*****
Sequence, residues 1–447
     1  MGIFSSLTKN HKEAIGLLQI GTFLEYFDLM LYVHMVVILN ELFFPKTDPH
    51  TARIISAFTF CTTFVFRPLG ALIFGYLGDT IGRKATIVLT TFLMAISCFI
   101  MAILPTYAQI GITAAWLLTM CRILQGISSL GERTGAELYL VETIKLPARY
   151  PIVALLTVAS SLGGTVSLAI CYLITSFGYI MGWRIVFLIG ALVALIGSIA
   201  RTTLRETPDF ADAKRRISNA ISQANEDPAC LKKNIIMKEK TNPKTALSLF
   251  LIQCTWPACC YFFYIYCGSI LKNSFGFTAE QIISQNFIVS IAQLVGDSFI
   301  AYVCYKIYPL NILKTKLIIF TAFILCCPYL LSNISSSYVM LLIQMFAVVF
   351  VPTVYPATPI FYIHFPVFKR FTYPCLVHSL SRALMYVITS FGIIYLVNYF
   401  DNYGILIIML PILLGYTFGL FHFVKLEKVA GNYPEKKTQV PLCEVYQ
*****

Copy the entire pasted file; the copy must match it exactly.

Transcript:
Sequence, residues 1–447
     1  MGIFSSLTKN HKEAIGLLQI GTFLEYFDLM LYVHMVVILN ELFFPKTDPH
    51  TARIISAFTF CTTFVFRPLG ALIFGYLGDT IGRKATIVLT TFLMAISCFI
   101  MAILPTYAQI GITAAWLLTM CRILQGISSL GERTGAELYL VETIKLPARY
   151  PIVALLTVAS SLGGTVSLAI CYLITSFGYI MGWRIVFLIG ALVALIGSIA
   201  RTTLRETPDF ADAKRRISNA ISQANEDPAC LKKNIIMKEK TNPKTALSLF
   251  LIQCTWPACC YFFYIYCGSI LKNSFGFTAE QIISQNFIVS IAQLVGDSFI
   301  AYVCYKIYPL NILKTKLIIF TAFILCCPYL LSNISSSYVM LLIQMFAVVF
   351  VPTVYPATPI FYIHFPVFKR FTYPCLVHSL SRALMYVITS FGIIYLVNYF
   401  DNYGILIIML PILLGYTFGL FHFVKLEKVA GNYPEKKTQV PLCEVYQ